Senators should keep in mind this Administration’s hostility toward missile defense to begin with. Within months of assuming office, the Obama Administration announced a $1.4 billion cut to missile defense. The successful Airborne Laser boost-phase program was cut, the Multiple Kill Vehicle and Kinetic Energy Interceptor was terminated, and the expansion of ground-based interceptors in Alaska and California were canceled. Adding insult to injury, President Obama then installed long-time anti-missile defense crusader Phillip Coyle as Associate Director for National Security in the White House Office of Science and Technologyby recess appointment. That’s right—this President not only appointed the “high priest” of missile defense denialism as his top adviser on missile defense, but he did so in a way to purposefully avoid Senate consultation on the matter. This is the President some Senate conservatives want to trust? On missile defense? Really?

One way to make nuclear weapons obsolete or less desirable is to make them undeliverable.  That’s the purpose of the missile defense technology we’ve been developing over the years.  Then, when you negotiate a treaty like START you negotiate from a position of strength. 

Instead, we’ve seen a unilateral decision to throw missile defense under the bus, even while rogue nations like Iran and North Korea develop bigger and more powerful missiles every year.   Not to mention the fact that both countries are supplying the technology to others and, according to news reports, providing missiles to proxies and planning on basing missiles in Venezuela.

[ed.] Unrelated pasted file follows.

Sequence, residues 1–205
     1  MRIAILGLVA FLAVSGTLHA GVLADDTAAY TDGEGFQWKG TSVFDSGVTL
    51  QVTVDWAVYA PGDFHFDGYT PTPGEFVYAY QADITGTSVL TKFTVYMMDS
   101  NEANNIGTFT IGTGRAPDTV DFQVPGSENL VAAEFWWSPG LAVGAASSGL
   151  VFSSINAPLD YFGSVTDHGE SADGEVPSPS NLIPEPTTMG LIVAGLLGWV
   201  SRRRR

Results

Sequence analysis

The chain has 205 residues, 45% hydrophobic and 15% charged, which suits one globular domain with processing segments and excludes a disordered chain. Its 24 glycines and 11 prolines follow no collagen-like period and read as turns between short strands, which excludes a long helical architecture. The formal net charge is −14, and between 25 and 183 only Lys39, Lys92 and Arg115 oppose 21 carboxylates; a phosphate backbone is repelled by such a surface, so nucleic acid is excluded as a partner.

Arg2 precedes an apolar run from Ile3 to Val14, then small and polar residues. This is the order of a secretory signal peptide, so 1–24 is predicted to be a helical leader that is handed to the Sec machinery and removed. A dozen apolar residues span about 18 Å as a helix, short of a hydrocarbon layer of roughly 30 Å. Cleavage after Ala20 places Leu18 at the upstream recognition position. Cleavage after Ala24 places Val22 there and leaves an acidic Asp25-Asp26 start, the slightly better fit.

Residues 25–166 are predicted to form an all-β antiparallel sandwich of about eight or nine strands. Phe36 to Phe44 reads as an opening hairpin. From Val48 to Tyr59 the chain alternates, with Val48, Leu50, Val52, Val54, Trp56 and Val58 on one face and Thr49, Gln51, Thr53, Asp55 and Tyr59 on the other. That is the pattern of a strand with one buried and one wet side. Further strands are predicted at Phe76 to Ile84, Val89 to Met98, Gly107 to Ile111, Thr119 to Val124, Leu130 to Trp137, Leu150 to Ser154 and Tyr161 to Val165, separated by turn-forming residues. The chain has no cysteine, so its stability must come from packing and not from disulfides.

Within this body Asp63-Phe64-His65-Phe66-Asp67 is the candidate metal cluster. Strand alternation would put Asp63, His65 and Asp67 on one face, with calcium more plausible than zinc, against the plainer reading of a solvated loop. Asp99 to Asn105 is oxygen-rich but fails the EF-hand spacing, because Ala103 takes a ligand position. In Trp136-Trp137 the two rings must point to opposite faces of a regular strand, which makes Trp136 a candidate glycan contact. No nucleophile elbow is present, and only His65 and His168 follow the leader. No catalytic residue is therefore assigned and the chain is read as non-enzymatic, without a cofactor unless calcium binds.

The cuts to these programs is short-sighted and ignores a very real and growing problem.  The Airborne Laser boost-phase program, for instance, has successfully intercepted ICBMs in the boost phase in tests and is able to quickly kill and engage multiple targets as they boost out toward their targets (a time when the missiles are at their most vulnerable).    It is the first layer in a multilayered missile killing system which would provide this country and its allies a virtually impenetrable shield against rocket launched nuclear weapons.

Instead, we have an administration going around killing off the systems that will protect us all the while telling us that START will do the job and we should just trust the Russians (and Iranians and North Koreans one supposes). 

The easiest way for a nuclear weapon to be delivered successfully is via an ICBM.   Killing off our successful and front-line missile killers like the Airborne Laser boost-phase program is short sighted and dangerous.  If President Obama wants START, make him negotiate.  Reinstate the anti-missile programs.  Then, the next time he or anyone else (hopefully) negotiates a like treaty, it will be from a position of strength that essentially renders rocket delivered nukes obsolete.  That would be a nice change from the obvious unilateral disarmament we’ve seen in the anti- missile shield area and a subsequent negotiating position of weakness.

That’s what our president should be doing, instead of giving away the farm for a piece of paper.  I wonder if the new START promises “peace in our time”?

~McQ